Factors which have been enumerated to determine the good faith of the debtor include whether the debtor has any assets, whether the debtor has an ongoing business to reorganize, and whether there is a reasonable probability of a plan being proposed and confirmed. Matter of Winshall Settlor's Trust, at page 1137. It is clear that the debtor in the present case has numerous valuable assets which may, depending upon the validity of creditor's execution lien, be unencumbered. It is also clear that the debtor has an ongoing business to reorganize, his law practice. It would appear that if the creditor was allowed to proceed that the assets which the debtor owns and uses in his law practice would be subject to sale under execution with little claim of exemption available to debtor. The Court is troubled, however, by the requirement that there be a reasonable probability of a plan being proposed and confirmed. The source of the Court's consternation in this regard is the requirement of Bankruptcy Code ' 1129(a)(10) that if any class of claims is impaired under the plan at least one class of claims that is impaired under the plan must accept the plan. Obviously, if there is only one creditor, there will be only one class of creditors who may be impaired and, if impaired, the vote of that one creditor will be required for confirmation under either subsection of ' 1129. The unknown element at this stage of the proceeding is the ability of the other two judgment debtors to pay any sum toward satisfaction of the judgment and thus make it feasible that this debtor could file a plan that did not impair this creditor. Additionally, the possibility of other claims by the other judgment debtors against this debtor seems real with those claims possibly being in different classes (at least to the extent that this creditor may be secured by its execution lien).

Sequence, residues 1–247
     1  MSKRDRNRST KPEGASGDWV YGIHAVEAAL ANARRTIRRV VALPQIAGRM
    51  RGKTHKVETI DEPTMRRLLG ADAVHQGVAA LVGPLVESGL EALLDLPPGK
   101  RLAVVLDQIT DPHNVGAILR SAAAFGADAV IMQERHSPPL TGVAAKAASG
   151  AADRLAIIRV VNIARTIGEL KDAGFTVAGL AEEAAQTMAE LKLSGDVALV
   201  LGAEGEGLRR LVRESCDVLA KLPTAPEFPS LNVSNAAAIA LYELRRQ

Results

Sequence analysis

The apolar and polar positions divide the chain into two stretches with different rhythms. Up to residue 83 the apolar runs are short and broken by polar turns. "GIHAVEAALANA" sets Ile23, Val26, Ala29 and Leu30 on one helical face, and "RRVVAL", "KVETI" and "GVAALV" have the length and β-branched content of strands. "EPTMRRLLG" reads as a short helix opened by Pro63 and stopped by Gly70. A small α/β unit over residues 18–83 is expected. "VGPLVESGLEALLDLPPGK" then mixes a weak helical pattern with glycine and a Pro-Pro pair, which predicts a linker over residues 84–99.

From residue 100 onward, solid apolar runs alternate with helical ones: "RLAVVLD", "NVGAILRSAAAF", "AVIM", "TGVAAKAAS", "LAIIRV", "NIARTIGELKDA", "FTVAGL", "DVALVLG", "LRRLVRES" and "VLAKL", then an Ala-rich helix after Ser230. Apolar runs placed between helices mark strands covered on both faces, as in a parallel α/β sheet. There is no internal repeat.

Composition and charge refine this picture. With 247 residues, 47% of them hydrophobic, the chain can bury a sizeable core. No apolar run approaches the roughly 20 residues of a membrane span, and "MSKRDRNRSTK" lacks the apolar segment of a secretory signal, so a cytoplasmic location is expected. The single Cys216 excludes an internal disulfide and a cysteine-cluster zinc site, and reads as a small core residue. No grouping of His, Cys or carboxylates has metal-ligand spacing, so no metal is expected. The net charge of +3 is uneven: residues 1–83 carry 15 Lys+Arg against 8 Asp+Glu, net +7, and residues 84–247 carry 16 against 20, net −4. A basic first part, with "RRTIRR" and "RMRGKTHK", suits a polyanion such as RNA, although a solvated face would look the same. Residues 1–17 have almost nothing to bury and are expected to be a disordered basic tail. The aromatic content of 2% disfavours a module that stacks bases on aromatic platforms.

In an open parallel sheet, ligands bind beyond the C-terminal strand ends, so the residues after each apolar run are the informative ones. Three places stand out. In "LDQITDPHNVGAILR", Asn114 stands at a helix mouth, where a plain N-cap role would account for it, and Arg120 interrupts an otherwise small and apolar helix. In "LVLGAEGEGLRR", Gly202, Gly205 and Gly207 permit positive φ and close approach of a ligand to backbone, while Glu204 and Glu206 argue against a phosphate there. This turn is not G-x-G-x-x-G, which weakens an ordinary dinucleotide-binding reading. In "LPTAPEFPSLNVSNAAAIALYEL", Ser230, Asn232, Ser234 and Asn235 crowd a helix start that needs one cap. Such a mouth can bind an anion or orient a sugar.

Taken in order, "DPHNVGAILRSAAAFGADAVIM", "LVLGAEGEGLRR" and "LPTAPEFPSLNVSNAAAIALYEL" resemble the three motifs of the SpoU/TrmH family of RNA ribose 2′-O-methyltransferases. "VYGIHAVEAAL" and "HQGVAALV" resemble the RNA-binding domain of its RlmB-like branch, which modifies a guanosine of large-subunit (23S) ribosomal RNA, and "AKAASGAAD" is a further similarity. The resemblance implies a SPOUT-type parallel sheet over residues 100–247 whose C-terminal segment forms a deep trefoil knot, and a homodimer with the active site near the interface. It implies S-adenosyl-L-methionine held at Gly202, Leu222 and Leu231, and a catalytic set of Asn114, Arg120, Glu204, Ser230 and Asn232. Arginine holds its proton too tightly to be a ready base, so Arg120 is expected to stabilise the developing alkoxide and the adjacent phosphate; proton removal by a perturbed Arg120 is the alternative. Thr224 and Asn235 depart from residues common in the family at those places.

The movant has the burden of proof on the issue of "cause" (here an alleged lack of good faith in the filing of this proceeding) for dismissal of a Chapter 11 proceeding pursuant to Bankruptcy Code Section 1112. In re Ravick, 106 B.R. 834 (Bankr. D.N.J. 1989. This Court cannot conclude that the movant has met the burden of proof on the matter of the lack of a reasonable probability of a plan being proposed and confirmed. Clearly, substantial problems exist. The fact that these proceedings are still in early stages leaves this question open.

The movant cites substantial authority for the proposition that, where a dispute involves only two parties and is resolvable in state court, the bankruptcy court should dismiss and allow the matter to be resolved there. No binding authority in this District or Circuit is cited for this proposition although the merit of this assertion, in the proper case, is evident. However, no one factor is controlling in weighing a motion to dismiss at the threshold of a case and the court is required to look at all of the facts and circumstances involved. In re Marion Street Partnership, 108 B.R. 218 (Bankr.D.Minn. 1989), Matter of Little Creek Development Company, supra.

The creditor finally argues that the debtor's failure to seek a reduction of the amount of the supersedeas bond shows a lack of good faith. In re Harvey, 101 B.R. 250 (Bankr.D.Nev. 1989). This Court rejects the application of that doctrine to the extent that it is urged as grounds alone, without more, for dismissal. The court rather will use this fact as one factor to consider in the totality of the circumstances involved. When this factor is considered in conjunction with the other factors present in this case, this Court still cannot conclude that the debtor lacks good faith in filing this proceeding.

For the foregoing reasons, an order overruling the motion to dismiss will be entered of record.

Dated this _______ day of July, 1992.

By the Court:




Copies to:

Bruce Levy, Esq.

Jeffrey D. Damron, Esq.

United States Trustee